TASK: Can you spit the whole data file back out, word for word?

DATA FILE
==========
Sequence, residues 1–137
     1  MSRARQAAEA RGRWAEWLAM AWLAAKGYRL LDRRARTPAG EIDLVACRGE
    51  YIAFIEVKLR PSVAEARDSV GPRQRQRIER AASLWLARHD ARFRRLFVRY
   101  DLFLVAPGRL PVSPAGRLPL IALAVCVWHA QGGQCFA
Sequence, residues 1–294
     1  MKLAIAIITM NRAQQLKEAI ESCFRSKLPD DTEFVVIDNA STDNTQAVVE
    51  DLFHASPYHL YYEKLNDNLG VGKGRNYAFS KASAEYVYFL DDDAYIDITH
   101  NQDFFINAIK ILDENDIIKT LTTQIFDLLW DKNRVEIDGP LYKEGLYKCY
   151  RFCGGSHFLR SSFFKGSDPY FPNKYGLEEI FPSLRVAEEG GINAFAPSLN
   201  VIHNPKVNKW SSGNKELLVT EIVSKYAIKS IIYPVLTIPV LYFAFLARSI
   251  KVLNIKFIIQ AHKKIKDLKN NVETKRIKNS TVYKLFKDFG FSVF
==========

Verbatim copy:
Sequence, residues 1–137
     1  MSRARQAAEA RGRWAEWLAM AWLAAKGYRL LDRRARTPAG EIDLVACRGE
    51  YIAFIEVKLR PSVAEARDSV GPRQRQRIER AASLWLARHD ARFRRLFVRY
   101  DLFLVAPGRL PVSPAGRLPL IALAVCVWHA QGGQCFA
Sequence, residues 1–294
     1  MKLAIAIITM NRAQQLKEAI ESCFRSKLPD DTEFVVIDNA STDNTQAVVE
    51  DLFHASPYHL YYEKLNDNLG VGKGRNYAFS KASAEYVYFL DDDAYIDITH
   101  NQDFFINAIK ILDENDIIKT LTTQIFDLLW DKNRVEIDGP LYKEGLYKCY
   151  RFCGGSHFLR SSFFKGSDPY FPNKYGLEEI FPSLRVAEEG GINAFAPSLN
   201  VIHNPKVNKW SSGNKELLVT EIVSKYAIKS IIYPVLTIPV LYFAFLARSI
   251  KVLNIKFIIQ AHKKIKDLKN NVETKRIKNS TVYKLFKDFG FSVF